Traditional LEDs have so far failed to become a viable alternative to light bulbs because, despite being highly efficient, they have to be fabricated in clean rooms and so are expensive to make. But with about 20 per cent of the electricity the world consumes going on lighting, Blom and Van Mol state that any new, more-efficient lighting technology could greatly reduce global energy consumption.

OLEDs are poised to take over from the light bulb as their spray-on production makes them a faster and cheaper alternative to traditional LEDs and can be produced en mass through the "roll-to-roll" newspaper technique.

There are, however, several hurdles that need to be overcome before OLEDs become a commercial commodity, such as depositing the materials onto a thin film sheet with high precision, managing the properties of the different materials and, most importantly, keeping water out of the device -- OLEDs have a barrier requirement up to a thousand times more demanding that food packaging.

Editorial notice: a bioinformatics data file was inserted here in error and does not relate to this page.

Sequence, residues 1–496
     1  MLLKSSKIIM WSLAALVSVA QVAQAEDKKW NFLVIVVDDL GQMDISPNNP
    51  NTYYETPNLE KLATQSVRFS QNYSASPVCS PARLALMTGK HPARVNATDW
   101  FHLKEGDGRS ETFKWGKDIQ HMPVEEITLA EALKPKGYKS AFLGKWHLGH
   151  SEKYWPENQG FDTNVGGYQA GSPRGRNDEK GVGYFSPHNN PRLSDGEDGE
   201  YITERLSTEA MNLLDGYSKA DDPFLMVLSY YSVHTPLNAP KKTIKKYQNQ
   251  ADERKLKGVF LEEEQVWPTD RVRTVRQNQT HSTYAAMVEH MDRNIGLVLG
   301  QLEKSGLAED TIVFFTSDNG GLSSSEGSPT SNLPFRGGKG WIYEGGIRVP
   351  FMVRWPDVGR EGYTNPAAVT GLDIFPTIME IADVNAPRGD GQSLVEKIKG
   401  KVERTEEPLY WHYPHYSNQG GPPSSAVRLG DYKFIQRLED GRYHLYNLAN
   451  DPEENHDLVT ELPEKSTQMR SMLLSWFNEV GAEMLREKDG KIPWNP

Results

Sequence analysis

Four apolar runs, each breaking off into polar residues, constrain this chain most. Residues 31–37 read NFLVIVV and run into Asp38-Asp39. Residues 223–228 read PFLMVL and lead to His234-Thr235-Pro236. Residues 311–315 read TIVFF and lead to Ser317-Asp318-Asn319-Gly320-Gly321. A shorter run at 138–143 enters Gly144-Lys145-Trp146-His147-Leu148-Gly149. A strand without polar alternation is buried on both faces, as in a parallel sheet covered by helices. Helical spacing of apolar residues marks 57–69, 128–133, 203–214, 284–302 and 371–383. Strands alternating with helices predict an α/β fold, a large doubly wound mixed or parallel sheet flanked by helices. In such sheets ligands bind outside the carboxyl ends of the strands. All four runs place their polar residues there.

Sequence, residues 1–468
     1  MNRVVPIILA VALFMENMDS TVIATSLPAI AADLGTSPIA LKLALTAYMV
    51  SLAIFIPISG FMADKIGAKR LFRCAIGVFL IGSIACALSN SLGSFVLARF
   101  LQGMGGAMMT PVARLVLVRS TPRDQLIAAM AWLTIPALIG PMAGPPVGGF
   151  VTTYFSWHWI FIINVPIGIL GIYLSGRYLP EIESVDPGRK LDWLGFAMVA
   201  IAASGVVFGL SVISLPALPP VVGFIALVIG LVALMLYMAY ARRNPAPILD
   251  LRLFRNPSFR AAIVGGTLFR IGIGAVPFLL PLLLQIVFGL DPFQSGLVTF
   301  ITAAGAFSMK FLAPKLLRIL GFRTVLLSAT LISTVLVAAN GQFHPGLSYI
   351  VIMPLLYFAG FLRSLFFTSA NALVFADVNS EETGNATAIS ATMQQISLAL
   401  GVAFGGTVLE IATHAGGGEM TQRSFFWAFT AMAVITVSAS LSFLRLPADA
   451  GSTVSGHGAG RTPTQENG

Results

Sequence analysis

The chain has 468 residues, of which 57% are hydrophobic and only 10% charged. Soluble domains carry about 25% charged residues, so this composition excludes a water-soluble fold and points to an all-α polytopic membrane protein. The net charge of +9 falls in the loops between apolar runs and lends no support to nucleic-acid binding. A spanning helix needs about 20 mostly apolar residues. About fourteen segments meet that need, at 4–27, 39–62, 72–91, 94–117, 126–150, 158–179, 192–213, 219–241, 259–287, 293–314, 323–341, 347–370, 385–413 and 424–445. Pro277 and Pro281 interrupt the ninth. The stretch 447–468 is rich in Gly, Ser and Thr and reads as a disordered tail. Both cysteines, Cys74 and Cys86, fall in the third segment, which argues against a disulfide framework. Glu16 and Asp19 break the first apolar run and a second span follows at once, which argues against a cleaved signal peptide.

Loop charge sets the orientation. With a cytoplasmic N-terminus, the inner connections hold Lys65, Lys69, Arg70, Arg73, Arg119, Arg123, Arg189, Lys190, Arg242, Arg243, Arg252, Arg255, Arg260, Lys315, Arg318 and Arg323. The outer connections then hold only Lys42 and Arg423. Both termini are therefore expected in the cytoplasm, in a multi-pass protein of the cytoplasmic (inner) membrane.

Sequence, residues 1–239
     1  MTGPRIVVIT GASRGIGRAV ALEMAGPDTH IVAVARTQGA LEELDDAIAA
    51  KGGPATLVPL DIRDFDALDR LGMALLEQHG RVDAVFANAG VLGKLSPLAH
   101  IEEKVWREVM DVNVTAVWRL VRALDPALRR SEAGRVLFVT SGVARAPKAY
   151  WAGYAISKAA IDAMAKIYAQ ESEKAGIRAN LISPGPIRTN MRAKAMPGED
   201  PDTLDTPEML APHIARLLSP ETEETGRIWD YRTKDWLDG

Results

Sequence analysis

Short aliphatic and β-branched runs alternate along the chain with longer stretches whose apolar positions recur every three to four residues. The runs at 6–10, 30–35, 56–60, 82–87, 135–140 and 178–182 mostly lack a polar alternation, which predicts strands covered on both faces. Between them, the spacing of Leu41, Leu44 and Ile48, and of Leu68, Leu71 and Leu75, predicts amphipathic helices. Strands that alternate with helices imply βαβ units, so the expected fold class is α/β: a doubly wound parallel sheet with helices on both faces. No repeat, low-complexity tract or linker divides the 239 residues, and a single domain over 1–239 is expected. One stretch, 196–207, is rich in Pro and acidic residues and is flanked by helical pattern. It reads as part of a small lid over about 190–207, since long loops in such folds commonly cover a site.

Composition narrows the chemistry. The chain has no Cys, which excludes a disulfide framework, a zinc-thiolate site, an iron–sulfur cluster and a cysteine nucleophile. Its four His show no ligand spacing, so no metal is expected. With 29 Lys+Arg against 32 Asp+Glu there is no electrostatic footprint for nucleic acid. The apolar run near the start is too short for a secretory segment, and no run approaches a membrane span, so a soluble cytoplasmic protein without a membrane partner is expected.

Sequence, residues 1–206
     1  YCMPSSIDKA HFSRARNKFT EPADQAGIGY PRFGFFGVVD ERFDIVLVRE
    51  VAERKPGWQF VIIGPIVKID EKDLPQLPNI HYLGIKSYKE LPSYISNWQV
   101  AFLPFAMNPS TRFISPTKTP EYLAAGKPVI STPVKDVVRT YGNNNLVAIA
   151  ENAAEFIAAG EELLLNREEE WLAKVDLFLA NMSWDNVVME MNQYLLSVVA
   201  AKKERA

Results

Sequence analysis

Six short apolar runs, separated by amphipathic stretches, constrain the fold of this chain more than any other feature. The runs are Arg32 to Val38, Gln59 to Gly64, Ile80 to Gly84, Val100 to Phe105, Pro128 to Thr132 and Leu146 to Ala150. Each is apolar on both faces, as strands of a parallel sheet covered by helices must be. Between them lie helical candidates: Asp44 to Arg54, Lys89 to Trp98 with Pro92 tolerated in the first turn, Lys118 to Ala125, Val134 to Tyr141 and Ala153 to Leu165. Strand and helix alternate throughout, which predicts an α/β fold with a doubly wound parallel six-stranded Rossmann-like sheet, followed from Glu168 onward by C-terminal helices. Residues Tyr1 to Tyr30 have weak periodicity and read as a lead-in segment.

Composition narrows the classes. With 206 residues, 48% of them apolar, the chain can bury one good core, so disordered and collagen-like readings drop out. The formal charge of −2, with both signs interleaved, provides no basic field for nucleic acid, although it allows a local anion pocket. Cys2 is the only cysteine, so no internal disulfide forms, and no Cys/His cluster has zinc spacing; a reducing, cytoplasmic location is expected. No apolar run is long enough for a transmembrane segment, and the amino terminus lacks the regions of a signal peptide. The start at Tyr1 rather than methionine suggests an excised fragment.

Blom and Van Mol describe how their institution, along with several other research institutes and commercial companies, is at the forefront of combating these problems and delivering OLEDs into the hands of the consumer.

Physics World is available online at: http://physicsworld.com/


Story Source:

The above story is based on materials provided by Institute of Physics (IOP). Note: Materials may be edited for content and length.


Cite This Page:

Institute of Physics (IOP). "New form of lighting rolled out: Newspaper-style printing process." ScienceDaily. ScienceDaily, 2 November 2011. <www.sciencedaily.com/releases/2011/11/111101095117.htm>.